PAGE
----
Autopsy reveals St. Louis officer shot 18-year-old Vonderrit Myers seven times
A white off-duty St. Louis police officer shot a black teenager six times in the back of the legs and once in the side of the head in what was likely a fatal wound, a doctor who performed a private autopsy for the teen’s family said on Friday.
The shooting of Vonderrit Myers, 18, in a St. Louis neighborhood earlier in October led to a renewed intensity of demonstrations that have continued in the area since unarmed black teenager Michael Brown was shot dead on Aug. 9 by a white police officer in the St. Louis suburb of Ferguson.
St. Louis police have said Myers was armed and fired on the officer who shot him dead in what they said was a firefight. Myers’ family disputes that description and said he was unarmed.
Crime lab results released on Oct. 14 showed that Myers had gunshot residue on his hands, the waistband of his jeans and a T-shirt.
Four rounds struck Myers in the back of the legs, entering on an upward trajectory, consistent with him running up a hill in the front yard of a house, said Dr. Cyril Wecht, who was commissioned by his family to perform the autopsy.
“As he was running, he was being shot,” Wecht said.
Another shot entered the side of his left thigh, and would have left him immobile while the fatal wound to the side of the head did not have an upward trajectory, Wecht said.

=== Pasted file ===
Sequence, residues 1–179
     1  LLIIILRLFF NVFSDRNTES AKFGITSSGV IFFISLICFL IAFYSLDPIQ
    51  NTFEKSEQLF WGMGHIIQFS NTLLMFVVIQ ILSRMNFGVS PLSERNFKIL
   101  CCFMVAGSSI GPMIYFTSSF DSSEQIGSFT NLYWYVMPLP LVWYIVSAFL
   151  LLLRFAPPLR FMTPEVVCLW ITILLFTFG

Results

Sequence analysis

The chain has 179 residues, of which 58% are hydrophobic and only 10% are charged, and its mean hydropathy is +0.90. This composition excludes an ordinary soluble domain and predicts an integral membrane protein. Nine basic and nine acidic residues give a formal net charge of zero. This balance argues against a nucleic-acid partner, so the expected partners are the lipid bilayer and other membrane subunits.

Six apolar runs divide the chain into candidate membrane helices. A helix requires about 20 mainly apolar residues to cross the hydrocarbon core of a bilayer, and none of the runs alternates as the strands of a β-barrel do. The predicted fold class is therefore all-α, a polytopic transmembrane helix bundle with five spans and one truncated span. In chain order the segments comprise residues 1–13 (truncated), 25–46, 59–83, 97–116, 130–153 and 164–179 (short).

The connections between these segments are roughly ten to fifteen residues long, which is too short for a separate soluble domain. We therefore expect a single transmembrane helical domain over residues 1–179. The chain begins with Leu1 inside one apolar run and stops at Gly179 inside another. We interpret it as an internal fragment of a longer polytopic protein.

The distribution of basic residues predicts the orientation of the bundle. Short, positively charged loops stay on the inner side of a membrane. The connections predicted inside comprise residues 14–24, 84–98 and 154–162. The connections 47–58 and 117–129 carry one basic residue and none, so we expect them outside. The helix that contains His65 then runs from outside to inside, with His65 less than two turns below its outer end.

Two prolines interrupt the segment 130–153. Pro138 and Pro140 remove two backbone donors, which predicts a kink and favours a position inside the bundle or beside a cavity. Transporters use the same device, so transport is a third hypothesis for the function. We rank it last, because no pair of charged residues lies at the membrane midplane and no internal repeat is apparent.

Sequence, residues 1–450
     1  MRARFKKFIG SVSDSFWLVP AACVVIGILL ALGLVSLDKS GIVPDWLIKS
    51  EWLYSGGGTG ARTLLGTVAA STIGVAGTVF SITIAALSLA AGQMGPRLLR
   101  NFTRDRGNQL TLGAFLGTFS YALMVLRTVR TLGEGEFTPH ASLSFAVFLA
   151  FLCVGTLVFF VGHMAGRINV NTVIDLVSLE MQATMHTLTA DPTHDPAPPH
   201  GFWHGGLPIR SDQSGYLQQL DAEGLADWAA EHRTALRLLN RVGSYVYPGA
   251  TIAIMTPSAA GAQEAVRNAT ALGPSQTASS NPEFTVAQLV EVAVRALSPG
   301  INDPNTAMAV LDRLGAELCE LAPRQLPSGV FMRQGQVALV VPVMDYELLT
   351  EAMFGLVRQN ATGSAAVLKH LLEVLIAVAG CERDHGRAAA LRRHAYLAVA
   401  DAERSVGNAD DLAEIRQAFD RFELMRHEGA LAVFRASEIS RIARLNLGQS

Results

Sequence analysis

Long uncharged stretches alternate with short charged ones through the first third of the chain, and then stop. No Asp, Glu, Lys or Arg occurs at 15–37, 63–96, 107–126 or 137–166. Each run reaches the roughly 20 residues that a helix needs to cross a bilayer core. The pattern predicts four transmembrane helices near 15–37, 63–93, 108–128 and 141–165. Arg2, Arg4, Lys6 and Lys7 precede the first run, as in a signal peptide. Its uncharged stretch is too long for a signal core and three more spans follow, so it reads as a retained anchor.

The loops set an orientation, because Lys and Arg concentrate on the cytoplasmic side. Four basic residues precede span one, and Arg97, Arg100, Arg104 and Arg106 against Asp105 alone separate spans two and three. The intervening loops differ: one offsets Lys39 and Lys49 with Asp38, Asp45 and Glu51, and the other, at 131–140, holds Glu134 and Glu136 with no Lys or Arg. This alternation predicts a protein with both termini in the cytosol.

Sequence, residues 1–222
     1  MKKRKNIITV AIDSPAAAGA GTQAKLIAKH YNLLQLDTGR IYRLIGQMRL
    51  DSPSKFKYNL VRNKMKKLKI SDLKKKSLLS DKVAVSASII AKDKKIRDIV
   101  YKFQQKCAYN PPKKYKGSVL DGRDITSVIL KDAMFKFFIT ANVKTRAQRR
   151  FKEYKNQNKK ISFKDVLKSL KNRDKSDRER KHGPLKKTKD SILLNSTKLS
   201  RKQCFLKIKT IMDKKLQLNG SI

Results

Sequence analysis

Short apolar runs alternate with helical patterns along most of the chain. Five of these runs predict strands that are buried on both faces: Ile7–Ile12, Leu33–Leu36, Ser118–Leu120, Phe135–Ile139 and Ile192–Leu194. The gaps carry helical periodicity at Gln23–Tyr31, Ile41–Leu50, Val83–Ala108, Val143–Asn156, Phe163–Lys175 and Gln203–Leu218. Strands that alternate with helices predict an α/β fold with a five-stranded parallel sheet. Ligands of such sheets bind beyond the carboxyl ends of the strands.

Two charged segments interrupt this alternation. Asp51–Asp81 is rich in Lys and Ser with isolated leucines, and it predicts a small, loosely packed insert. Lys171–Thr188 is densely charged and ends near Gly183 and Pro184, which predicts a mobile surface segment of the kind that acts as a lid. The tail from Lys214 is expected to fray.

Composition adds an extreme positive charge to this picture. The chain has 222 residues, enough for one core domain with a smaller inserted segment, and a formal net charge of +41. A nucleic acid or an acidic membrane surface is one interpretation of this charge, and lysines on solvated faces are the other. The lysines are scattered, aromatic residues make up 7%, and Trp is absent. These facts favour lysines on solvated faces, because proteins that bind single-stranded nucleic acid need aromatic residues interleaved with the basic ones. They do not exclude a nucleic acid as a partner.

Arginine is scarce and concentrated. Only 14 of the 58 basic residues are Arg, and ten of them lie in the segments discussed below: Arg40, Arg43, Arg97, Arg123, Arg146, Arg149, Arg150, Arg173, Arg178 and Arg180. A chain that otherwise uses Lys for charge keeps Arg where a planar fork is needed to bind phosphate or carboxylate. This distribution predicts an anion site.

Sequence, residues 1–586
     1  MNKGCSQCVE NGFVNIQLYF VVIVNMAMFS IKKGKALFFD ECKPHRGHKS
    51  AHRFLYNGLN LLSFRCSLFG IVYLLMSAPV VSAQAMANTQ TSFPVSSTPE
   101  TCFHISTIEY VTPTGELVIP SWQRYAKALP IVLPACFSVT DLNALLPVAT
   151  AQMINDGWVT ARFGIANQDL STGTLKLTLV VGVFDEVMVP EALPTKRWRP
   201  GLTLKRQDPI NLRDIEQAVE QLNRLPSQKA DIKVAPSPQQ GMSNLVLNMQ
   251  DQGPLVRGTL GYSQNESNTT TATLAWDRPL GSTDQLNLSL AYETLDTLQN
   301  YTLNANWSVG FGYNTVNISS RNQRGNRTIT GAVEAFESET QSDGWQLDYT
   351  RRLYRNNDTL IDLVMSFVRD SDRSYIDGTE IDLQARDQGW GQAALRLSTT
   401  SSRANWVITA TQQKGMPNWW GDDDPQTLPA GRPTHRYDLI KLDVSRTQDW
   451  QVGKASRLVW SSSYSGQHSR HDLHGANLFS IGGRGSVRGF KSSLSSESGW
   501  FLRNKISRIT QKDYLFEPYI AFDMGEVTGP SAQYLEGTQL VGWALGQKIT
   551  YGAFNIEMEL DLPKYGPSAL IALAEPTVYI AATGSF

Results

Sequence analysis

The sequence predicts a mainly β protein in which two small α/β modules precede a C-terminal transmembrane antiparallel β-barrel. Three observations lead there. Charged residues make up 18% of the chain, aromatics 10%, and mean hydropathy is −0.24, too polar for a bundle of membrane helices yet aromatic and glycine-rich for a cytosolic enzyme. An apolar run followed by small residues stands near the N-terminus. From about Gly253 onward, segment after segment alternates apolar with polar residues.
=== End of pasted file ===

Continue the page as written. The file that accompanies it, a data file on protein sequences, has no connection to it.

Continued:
“I do not believe that shot would have struck him while he was running away … up a hill,” Wecht said.
Wecht said none of the wounds came at close range, but he could not determine the order of the shots.
The officer who shot Myers has not been publicly identified. His attorney, Brian Millikan, said the autopsy and the entry wounds are consistent with what his client described to investigators.
“It doesn’t change the fact that Myers attempted to murder this policeman,” Millikan said.
Millikan said that after a foot chase, Myers was lying in a gangway with his feet out of the gangway and his legs extended toward the officer as he was propped up on his left elbow.
“When the policeman is firing back, it’s only natural that the back of his legs are going to be exposed to the policeman’s line of fire,” he said.
(Reporting by Brendan O’Brien in Milwaukee; Editing by Sandra Maler)